She turned and said, “Pardon?” in Spanish. Anne spoke Spanish, but we were forbidden from speaking any language other than English. The teachers, including the science teacher, was very strict and always insisted that we communicate in English, notwithstanding the fact that most of the children were beginners in English. She had trained us never to speak in any other language besides English. As her cardinal rule, she punished any student who spoke in his or her native language. However, that day she broke her own rule when she addressed Anne in Spanish.
After the unfortunate utterance, all the children burst out with laughter and reminded her of all the harsh words she used whenever any of us spoke in his or her native language. “Unbelievable!” remarked Chum, as the entire class burst into laughter. “Oh, Madam, how could you do this?” Alberto asked. “Inconceivable!” said Anne, sending the class into more laughter. “Unbelievable! After all these years you cannot speak in English,” said Stephen, pointing an accusing finger at her. All that while the teacher was speechless. Eventually, she profusely apologized and proceeded with the lesson. The incident made her realize that we had become good English speakers.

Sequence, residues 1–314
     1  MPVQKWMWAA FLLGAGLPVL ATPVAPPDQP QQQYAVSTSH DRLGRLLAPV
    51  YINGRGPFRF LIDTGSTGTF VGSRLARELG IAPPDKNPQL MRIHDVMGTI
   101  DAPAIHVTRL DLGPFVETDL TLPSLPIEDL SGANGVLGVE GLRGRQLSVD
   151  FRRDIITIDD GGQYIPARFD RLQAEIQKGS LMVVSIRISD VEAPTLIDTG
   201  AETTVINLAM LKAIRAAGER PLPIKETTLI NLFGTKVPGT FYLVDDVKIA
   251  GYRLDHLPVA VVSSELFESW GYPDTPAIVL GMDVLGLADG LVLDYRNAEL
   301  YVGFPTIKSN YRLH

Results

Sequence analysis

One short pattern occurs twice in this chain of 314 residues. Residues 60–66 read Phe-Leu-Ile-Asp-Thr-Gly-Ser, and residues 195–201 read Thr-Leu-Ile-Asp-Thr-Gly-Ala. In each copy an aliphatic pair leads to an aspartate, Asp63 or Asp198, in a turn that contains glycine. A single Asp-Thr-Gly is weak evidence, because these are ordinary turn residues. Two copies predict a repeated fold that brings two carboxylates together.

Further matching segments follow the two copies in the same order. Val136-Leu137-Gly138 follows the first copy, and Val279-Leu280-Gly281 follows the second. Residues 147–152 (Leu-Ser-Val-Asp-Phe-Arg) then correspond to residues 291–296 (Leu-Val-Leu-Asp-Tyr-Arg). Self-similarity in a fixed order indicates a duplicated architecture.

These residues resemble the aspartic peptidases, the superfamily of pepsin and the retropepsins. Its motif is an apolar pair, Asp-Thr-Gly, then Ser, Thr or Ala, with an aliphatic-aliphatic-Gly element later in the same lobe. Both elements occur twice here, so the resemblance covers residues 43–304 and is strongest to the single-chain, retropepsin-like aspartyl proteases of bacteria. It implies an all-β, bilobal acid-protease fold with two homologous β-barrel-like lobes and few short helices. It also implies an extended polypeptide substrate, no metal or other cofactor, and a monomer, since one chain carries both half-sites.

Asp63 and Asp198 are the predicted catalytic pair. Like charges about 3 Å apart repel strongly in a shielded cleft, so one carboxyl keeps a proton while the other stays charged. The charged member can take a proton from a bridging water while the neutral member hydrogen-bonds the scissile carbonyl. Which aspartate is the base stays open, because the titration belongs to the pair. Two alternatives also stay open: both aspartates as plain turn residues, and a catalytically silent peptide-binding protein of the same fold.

It was an unfortunate incident that served to remind our teacher of the challenges that English learners go through. We had a tendency of slipping back to our native languages when communicating with our peers. Given our backgrounds, we found the school’s rule that all students should use English in all communications a bit harsh considering the fact that most of us had a little grasp on the language. While the other teachers allowed students to express themselves in our native language on a few occasions, our science teacher was so strict. It was, therefore, intriguing to hear her address Anne in Spanish. Although she appeared unperturbed by the incident, the ‘slip of the tongue’ no doubt dented her image in the eyes of the students. I could see her unable to stop the ensuing mockery, which, clearly, made her uncomfortable.